President Donald Trump on Thursday raised the idea of delaying the Nov. 3 U.S. elections, which the Constitution does not give him the power to do, words Democrats and some of his fellow Republicans immediately condemned and called an attempt to distract from devastating economic news, Reuters reported.
Trump’s statement on Twitter comes as the United States is living through the greatest crises of a generation – with more than 150,000 dead in the coronavirus pandemic, nationwide protests against police violence and racism, and on the morning the country reported its worst economic contraction since the Great Depression.
Trump, whose polls show losing ground to and trailing Democratic challenger and former Vice President Joe Biden, also said he would not trust the results of an election that included widespread mail voting – a measure that many observers see as critical given the coronavirus pandemic. Without evidence, he claimed that mail voting would be rife with fraud.
“With Universal Mail-In Voting (not Absentee Voting, which is good), 2020 will be the most INACCURATE & FRAUDULENT Election in history. It will be a great embarrassment to the USA,” Trump wrote on Twitter. “Delay the Election until people can properly, securely and safely vote???”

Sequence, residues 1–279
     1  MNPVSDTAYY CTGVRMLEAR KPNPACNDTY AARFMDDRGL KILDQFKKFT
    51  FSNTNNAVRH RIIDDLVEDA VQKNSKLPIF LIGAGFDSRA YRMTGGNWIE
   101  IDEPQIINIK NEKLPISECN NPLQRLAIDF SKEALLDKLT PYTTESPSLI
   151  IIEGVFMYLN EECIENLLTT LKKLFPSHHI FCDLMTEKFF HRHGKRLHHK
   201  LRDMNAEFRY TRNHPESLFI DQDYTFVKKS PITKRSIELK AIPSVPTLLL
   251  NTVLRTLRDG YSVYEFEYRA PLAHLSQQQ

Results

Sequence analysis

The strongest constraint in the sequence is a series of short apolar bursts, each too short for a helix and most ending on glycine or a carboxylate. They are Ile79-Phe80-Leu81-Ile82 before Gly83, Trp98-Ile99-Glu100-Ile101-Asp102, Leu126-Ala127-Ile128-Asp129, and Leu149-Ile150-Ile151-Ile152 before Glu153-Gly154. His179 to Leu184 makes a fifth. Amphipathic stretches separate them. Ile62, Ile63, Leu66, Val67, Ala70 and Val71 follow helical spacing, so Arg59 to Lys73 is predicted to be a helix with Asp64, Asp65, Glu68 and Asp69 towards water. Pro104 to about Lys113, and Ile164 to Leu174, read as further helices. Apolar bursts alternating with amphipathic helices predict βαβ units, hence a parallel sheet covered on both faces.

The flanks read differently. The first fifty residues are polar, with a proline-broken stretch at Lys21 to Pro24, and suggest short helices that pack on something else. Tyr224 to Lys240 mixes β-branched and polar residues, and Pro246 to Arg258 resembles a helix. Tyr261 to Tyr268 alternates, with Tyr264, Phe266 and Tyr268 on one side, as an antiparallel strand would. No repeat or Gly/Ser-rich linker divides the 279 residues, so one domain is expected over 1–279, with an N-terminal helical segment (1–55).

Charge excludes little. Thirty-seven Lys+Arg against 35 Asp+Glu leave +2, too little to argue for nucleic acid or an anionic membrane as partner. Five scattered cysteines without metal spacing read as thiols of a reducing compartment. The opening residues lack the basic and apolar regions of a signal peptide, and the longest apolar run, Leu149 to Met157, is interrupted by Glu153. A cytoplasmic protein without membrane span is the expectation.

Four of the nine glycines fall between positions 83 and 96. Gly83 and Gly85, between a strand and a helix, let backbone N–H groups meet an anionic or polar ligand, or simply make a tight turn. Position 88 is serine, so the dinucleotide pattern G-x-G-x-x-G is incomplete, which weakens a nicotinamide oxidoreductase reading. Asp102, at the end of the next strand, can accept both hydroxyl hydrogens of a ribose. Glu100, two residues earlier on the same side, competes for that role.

The U.S. economy contracted by 32.9% in the second quarter, as the fast-spreading coronavirus sparked widespread lockdowns.
The United States has held elections for more than 230 years, including during the Civil War, the Great Depression and two world wars. The Second Amendment of the U.S. Constitution gives Congress the power to set the timing of elections, and the 20th Amendment ends a president and vice president’s term in office on the Jan. 20 following a general election.
Democratic U.S. Representative Zoe Lofgren, who chairs the House committee overseeing election security, rejected the idea of a delay.
“Only Congress can change the date of our elections,” Lofgren said in an email to Reuters. “Under no circumstances will we consider doing so to accommodate the President’s inept and haphazard response to the coronavirus pandemic, or give credence to the lies and misinformation he spreads regarding the manner in which Americans can safely and securely cast their ballots.”
Trump’s tweet came without warning and surprised some White House staffers. The White House referred questions about the Tweet to Trump’s re-election campaign, which in a statement said the President was simply raising a question.
“The President is just raising a question about the chaos Democrats have created with their insistence on all mail-in voting,” said Hogan Gidley, the campaign’s press secretary. “Universal mail-in voting invites chaos and severe delays in results.”
Former Trump campaign adviser Barry Bennett said he did not believe the message was serious: “I think he’s just trying to create news, something else for people to talk about.”
Trump had previously suggested he would not trust election results – complaints similar to those he raised going into the runup to the 2016 election – but had not so directly suggested changing the Nov. 3 date.